One of the blessings of studying A Course in Miracles are the study groups that naturally evolve. Making contact with men and women who are studying and practicing the Course can be a real benefit to one’s own practice. But what if you’re in an area that doesn’t have an active group? How do you start A Course in Miracles group? And related to that, perhaps, is how to run A Course in Miracles group.
If you’re set on creating a new study group, I think there are a couple of details that are worth keeping in mind. First, be sure that you take a long-term view. A lot of groups take a while to get up and running, to gain any momentum – and all study groups go through phases and ups and downs. Committing to the process for more than a few weeks or months can help see you through the challenges.
Next, have a clear sense of how your group will function. Some groups start by reading the introduction aloud together. Some start with a moment of silence. Others go for an extended meditation – fifteen minutes or more – before opening up the floor to conversation and reading. It’s nice to have some loose concept of the format at the outset, but it’s also important to be flexible. As the group changes in time, a new approach to form might be desirable.
In general, study groups seem to work best when there is no clear leader. In some ways, this is reminiscent of David Bohm’s ideal of dialogue. Everybody is equal. You don’t have to raise your hand to be called on. A sense of quiet respect is implicit – others for you and you for others. Sometimes people come to the group needing to be heard and sometimes it’s important to just be a good listener.
The standard joke when it comes to running an acim study group is that they’re nothing but opportunities for forgiveness. And it’s true! The ego does indeed love to study A Course in Miracles and show off what it’s learned. That’s okay. We all do that from time to time. When others seem to be coming from an egoic place, treat it as a learning opportunity. Be gentle. Be kind. You’ll be there too at some point.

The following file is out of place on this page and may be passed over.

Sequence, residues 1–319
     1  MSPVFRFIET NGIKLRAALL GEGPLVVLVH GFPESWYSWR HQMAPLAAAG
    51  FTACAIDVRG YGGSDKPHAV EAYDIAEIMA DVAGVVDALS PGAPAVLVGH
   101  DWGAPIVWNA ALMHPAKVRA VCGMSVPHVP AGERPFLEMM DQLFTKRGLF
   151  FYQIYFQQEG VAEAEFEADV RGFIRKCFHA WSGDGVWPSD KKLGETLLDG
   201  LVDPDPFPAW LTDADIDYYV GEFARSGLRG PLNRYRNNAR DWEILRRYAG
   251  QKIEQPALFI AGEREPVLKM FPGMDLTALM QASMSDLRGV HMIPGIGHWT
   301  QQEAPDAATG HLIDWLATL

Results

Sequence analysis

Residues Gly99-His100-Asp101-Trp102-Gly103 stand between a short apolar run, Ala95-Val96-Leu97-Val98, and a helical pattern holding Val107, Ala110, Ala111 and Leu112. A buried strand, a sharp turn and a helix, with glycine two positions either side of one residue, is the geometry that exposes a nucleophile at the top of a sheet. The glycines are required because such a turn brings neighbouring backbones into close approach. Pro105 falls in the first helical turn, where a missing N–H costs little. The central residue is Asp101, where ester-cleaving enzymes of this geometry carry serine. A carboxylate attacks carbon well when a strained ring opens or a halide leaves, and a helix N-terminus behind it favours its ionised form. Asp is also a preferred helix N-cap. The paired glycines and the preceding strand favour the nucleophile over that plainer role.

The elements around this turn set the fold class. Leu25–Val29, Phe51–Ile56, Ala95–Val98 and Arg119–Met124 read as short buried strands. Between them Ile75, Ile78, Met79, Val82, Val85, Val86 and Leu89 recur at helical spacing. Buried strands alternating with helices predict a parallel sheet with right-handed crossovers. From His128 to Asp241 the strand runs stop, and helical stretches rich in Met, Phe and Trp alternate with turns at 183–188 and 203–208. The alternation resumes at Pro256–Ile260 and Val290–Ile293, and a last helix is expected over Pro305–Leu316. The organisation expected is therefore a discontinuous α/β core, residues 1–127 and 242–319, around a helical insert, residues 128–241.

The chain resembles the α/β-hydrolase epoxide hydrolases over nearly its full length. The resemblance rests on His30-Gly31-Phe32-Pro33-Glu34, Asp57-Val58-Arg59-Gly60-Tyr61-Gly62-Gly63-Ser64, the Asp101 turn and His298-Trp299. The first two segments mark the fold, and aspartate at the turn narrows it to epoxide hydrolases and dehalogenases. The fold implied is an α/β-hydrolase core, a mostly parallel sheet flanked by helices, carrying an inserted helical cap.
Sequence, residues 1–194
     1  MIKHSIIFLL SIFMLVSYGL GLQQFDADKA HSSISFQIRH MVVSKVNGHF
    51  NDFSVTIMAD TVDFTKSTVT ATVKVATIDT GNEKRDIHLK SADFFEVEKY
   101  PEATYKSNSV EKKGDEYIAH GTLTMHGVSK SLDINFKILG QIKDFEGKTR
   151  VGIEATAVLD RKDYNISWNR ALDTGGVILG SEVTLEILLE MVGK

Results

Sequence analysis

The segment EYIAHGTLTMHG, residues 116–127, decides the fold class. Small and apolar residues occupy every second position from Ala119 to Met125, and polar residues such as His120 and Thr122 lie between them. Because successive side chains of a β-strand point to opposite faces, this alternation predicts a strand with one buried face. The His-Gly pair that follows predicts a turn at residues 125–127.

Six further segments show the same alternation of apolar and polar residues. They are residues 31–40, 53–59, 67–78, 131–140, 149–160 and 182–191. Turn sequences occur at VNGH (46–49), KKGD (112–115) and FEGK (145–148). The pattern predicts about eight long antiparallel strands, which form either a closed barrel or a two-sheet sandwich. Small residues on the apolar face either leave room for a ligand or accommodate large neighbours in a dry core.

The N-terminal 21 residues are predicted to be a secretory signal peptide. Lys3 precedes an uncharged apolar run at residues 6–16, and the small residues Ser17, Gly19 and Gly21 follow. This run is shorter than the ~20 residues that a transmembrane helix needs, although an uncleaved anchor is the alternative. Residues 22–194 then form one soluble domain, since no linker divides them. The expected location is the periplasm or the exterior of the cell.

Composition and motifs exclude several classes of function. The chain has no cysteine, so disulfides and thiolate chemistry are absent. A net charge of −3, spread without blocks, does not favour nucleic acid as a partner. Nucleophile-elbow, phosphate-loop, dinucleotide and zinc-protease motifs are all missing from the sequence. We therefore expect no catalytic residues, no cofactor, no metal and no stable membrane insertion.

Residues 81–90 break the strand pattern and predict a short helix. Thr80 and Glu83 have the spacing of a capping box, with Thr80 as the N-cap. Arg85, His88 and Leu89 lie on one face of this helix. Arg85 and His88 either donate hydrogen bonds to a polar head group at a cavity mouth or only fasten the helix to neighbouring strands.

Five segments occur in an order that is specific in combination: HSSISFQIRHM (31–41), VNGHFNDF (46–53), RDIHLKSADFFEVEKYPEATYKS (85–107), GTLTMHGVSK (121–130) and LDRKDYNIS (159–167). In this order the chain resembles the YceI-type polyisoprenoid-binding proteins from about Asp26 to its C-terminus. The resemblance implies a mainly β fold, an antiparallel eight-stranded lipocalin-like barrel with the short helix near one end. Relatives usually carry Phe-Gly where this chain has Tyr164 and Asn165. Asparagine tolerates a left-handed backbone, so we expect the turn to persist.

When you start a Course in Miracles group, you really have two options. One is to do it in your home (or a friend’s home) and the other is to do it in a public setting – a library, a church, a yoga studio. There are pros and cons to each. Private homes can be very comfortable (and the tea and eats can be amazing!), but public settings often make people feel more comfortable. There’s no sense of impinging on somebody. That’s a question of judgment and what’s available.
In general, starting and running a group whose objective is to study and help others study A Course in Miracles should be grounded in prayer. Ask your inner guide for clarity. What does Jesus have to say? What is the Holy Spirit calling you to do? Take some time to be sure you’re clear – or as clear as you can be. Travel a little to get a sense of how other teachers are conducting their groups. You’ll soon learn that there are as many approaches to public study groups as there are students.
I do think that ACIM asks us to be sensitive to our brothers and sisters. Within reason and with as little ego as possible, we want to be helpful. Study groups are a great way of doing this. If you feel like it’s something you want to do – and there’s a need for it – why not give it a shot?